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Headword: Μεμυστιλημένοι
Adler number: mu,582
Translated headword: having scooped bread to eat soup
Vetting Status: high
Translation:
Having feasted, having drawn up soup with bread-pieces which are hollow and resemble spoons. Hence also the name [sc. given] to spoons (mustrion), which is something like a piece of bread for scooping soup (mustilion). In this festival everyone used to eat for free, both gruel and other things. And a bread-scoop (mustilê) is the name for a hollowed piece of bread, namely gruel; for in the Theseus-festivals they would eat gruel. And the meaning [sc. of the passage is]: o you who have been much troubled and have not been feasted in any connection, but are now fortunate. He says[1] "with most meager" breads, namely barley-groats: for drawing up the broths with hollow bread they were filled up quickly, through lack of bread. And the word, I mean mustilê "bread scoop", comes from masêsis "chewing". Or because of the quantity of relishes they would only eat a little bread. Or by taking their time with the soup they were filled up by it.
Greek Original:
Μεμυστιλημένοι: εὐωχημένοι, ζωμὸν ἀρυσάμενοι ἄρτοις κοίλοις καὶ μυστρία μιμουμένοις. ὅθεν καὶ τὸ ὄνομα τοῖς μυστρίοις, οἷον μυστίλιόν τι ὄν. ἐν ταύτῃ δὲ τῇ ἑορτῇ πάντες προῖκα ἤσθιον καὶ τὴν ἀθάραν καὶ ἄλλα τινά. μυστίλη δὲ καλεῖται κοῖλος ἄρτος, ἤγουν ἀθάρα: ἐν γὰρ τοῖς Θησείοις ἀθάραν ἤσθιον. ὁ δὲ νοῦς: ὦ πολλὰ ταλαιπωρήσαντες καὶ εἰς οὐδὲν ἑστιαθέντες, νῦν δὲ εὐτυχήσαντες. ὀλιγίστοις δὲ ἄρτοις ἤγουν ἀλφίτοις λέγει: τοῖς κοίλοις γὰρ ἄρτοις τοὺς ζωμοὺς ἀρυόμενοι ταχέως ἐκορέννυντο δι' ἔνδειαν ἄρτου. πεποίηται δὲ ἡ λέξις, λέγω δὴ ἡ μυστίλη, παρὰ τὴν μάσησιν. ἢ διὰ τὸ πλῆθος τῶν ὄψων ὀλίγον ἄρτον ἤσθιον. ἢ τῷ ζωμῷ σχολάζοντες ὑπὸ τούτου ἐκορέννυντο.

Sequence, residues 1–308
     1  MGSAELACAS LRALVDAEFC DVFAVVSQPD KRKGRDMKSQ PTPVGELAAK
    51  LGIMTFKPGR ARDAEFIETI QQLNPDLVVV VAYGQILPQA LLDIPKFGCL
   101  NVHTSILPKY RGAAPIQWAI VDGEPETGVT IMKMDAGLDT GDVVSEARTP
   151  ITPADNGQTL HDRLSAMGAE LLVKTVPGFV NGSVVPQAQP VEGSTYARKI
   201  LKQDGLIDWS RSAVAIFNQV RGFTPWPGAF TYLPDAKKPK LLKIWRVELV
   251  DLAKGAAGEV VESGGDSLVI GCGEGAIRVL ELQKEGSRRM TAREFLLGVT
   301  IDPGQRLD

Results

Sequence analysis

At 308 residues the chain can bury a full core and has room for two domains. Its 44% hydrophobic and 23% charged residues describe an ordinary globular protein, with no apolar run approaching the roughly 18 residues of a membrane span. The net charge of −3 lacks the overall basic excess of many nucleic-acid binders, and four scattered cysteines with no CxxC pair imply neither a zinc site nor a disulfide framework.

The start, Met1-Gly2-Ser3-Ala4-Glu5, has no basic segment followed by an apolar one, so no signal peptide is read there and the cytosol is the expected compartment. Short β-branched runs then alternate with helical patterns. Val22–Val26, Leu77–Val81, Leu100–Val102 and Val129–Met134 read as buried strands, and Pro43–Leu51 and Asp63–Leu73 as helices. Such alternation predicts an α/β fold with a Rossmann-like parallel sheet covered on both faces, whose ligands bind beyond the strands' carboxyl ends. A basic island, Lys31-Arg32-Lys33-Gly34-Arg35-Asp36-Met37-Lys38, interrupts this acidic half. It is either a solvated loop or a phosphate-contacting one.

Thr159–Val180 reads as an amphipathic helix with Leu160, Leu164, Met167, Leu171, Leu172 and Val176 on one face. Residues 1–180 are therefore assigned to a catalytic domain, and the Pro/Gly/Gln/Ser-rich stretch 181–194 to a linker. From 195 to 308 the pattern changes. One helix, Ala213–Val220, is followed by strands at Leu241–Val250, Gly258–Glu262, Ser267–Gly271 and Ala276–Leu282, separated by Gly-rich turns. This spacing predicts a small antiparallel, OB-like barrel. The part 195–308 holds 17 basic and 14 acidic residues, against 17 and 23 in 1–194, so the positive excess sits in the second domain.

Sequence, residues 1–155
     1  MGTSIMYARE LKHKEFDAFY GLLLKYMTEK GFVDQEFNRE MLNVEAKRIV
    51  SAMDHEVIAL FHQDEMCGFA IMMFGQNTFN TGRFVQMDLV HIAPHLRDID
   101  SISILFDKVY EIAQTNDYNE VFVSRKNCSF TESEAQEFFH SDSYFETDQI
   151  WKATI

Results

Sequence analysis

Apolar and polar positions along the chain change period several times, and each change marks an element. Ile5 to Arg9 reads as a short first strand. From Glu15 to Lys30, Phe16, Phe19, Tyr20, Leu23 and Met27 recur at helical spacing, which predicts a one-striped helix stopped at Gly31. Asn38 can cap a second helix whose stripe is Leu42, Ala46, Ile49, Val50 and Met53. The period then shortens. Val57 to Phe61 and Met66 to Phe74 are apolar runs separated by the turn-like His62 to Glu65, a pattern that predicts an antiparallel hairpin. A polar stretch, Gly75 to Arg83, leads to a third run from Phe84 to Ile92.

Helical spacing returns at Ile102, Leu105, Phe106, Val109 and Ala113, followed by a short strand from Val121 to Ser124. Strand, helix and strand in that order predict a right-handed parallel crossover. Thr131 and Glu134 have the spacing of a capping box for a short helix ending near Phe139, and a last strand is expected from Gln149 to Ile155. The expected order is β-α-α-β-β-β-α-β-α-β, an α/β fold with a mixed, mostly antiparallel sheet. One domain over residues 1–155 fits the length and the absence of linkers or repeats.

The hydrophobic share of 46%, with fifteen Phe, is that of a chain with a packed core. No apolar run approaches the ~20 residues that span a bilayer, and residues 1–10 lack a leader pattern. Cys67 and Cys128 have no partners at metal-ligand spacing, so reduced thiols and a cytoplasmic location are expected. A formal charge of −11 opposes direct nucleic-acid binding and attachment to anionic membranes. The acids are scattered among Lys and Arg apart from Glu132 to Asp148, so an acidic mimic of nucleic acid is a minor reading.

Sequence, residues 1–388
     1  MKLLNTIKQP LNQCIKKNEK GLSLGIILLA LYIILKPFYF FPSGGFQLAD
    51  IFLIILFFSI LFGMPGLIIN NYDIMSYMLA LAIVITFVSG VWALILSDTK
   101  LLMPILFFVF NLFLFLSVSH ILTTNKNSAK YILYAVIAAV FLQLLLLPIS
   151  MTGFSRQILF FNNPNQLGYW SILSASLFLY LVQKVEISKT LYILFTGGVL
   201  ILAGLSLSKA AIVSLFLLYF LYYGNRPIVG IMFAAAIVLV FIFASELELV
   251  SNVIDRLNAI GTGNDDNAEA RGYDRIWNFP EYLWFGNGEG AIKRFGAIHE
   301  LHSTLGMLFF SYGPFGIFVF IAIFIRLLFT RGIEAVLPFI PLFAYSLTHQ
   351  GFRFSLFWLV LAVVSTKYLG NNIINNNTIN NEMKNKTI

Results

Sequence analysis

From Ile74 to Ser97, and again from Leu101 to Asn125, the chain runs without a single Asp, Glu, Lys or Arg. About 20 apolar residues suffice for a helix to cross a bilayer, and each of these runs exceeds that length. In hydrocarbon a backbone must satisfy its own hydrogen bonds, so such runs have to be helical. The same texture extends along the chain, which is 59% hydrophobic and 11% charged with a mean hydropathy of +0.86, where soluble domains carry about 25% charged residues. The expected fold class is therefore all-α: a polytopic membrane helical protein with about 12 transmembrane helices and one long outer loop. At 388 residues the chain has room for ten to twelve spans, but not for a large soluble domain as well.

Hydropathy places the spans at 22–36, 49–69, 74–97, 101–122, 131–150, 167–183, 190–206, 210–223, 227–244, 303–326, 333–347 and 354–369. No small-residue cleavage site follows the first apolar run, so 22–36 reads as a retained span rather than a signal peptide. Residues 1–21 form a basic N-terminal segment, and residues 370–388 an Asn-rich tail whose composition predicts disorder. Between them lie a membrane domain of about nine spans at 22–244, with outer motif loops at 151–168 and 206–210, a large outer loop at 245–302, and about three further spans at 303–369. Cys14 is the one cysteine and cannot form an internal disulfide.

Notes:
The headword -- perfect participle, masculine nominative plural, of μυστιλάομαι , "sop bread in soup or gravy and eat it" (LSJ) -- occurs in Aristophanes, Plutus [Wealth] 627-8: "o you old men who very often at Theseus-festivals have supped soup with the most meager barley-groats", i.e. have known penury (but are now prosperous). The commentary -- which conflates the bread scoops with the soup or gruel scooped -- derives from the scholia there.
[1] This part of the discussion is trying to work out why the bread-scoops should be small. It hesitates between the paupers being too full of broth or other food to want larger pieces of bread; the paupers having enough time to eat all their gruel (and not to need more bread—which amounts to the same thing); or possibly, if that is what "lack of bread" is meant to mean, there was not enough bread to go around.
Keywords: comedy; daily life; definition; dialects, grammar, and etymology; economics; food; religion
Translated by: Nick Nicholas on 25 May 2009@12:41:35.
Vetted by:
David Whitehead (introductory note; streamlined other notes; more keywords; tweaks and cosmetics) on 26 May 2009@04:17:30.
David Whitehead on 16 May 2013@04:19:53.

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